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Presidential or Hybrid Presidential-Parliamentary System: Is President Hassan Sheikh Choosing Political Stability Over the Risk of Civil War?
By Abdullahi Hussein
Monday October 30, 2023

 


Upon independence in 1960, the Somali Republic adopted a parliamentary system of government with an executive prime minister and ceremonial president. The system worked well until the army forces led by Major General Siad Barre overthrew the government and replaced it with a dictatorial system of government which was ousted by rebels in 1991. When the TFG was formed in 2000, nonetheless, the parliamentary system of government was restored. That system of government is still in place and the current FGS has a prime minister and president. However, President Hassan Sh. Mohamoud has voiced his concern about this hybrid Parliamentary-Presidential system and expressed his desire to do away with the prime minister’s post and replace it with an executive president and vice president. In this short piece, I shall shed light on the pros and cons of this current hybrid system of presidential-parliamentary vis-à-vis presidential system in light of our recent history and experiences. 


President Hassan Sheikh Mohamoud has expressed his desire to replace the current hybrid system with a presidential system in order to get rid of the constant rifts between presidents and prime ministers and thereby allow governments to complete their terms. A presidential system may provide stability in terms of allowing governments to complete their term, however, it has its drawbacks. First, an executive president may become so unrestrained given the institutional weaknesses of our judiciary and parliament. Second, Somalis have the tendency to resort to violence, especially, when there is a feeling that the government has exceeded its term or authority. These two realities when combined create a dangerous cocktail that could ignite a civil war.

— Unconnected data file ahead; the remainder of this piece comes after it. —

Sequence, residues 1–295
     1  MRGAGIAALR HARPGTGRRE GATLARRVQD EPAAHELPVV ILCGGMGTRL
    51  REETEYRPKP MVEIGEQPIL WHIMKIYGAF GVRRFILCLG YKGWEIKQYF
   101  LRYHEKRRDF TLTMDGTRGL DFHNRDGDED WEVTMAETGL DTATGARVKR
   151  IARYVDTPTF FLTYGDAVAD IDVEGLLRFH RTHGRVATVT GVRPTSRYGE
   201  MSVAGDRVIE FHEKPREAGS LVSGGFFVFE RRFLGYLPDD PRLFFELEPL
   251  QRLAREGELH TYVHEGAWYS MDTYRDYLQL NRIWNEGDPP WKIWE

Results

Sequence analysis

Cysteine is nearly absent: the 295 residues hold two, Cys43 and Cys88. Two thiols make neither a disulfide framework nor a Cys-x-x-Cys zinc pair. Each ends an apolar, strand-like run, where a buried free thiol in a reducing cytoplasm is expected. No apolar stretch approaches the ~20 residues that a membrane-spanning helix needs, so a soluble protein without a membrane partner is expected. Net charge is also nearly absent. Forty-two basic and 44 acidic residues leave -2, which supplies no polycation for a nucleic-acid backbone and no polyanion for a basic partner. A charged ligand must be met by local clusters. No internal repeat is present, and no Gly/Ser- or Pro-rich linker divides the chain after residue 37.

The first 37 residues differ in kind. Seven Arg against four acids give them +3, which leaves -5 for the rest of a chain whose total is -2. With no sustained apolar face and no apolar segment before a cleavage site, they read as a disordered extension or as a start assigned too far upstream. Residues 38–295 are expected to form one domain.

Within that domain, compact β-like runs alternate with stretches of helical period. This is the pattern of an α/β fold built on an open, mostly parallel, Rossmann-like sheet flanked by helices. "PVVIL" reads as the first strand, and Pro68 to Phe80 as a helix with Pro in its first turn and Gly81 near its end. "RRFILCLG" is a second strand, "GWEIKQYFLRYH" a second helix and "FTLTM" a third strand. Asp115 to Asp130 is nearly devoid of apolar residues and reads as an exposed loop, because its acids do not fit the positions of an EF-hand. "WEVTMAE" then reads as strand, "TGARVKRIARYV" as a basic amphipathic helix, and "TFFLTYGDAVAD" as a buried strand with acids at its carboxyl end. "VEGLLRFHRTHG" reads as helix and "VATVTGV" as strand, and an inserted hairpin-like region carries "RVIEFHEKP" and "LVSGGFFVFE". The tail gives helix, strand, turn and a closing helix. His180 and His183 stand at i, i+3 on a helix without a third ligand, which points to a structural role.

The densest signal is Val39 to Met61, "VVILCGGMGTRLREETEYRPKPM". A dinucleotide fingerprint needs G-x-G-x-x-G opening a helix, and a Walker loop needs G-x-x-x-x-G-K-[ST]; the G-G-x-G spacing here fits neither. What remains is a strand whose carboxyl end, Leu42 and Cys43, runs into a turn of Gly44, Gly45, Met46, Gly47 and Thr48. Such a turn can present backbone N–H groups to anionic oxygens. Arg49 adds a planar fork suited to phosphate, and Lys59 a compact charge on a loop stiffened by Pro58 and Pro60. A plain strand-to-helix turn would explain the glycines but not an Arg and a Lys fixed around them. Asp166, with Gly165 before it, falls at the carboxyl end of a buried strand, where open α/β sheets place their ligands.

Another reason why President Hassan Sh. Mohamoud wants to have a presidential system is, perhaps, to become more effective in decision making and policy implementations. It was the military regime of Siad Barre that first introduced the presidential system with several vice presidents after overthrowing the parliamentary system of government led by Prime Minister Egal in 1969. This system is by nature more effective in both decision making and policy implementations. However, decisions made under a presidential system may not be as sustainable, in the long-run, as compared to those made under parliamentary system since the former lack public discourse and consensus-building processes. In contrast, decision making and implementation processes are painstakingly slow in the parliamentary system since the process is consensus-based and takes into account wishes and views of coalition partners. 


Since independence, Somali judiciary has historically been weak and will remain so in the foreseeable future. In both Somalia and Somaliland, for instance, the president has the power to appoint and dismiss judges in supreme court, including the chief justice. Therefore, the Somali judiciary is not the forum where people, including politicians, feel that their disputes could be fairly settled. 


How Hybrid System Saved Somalia from Civil Wars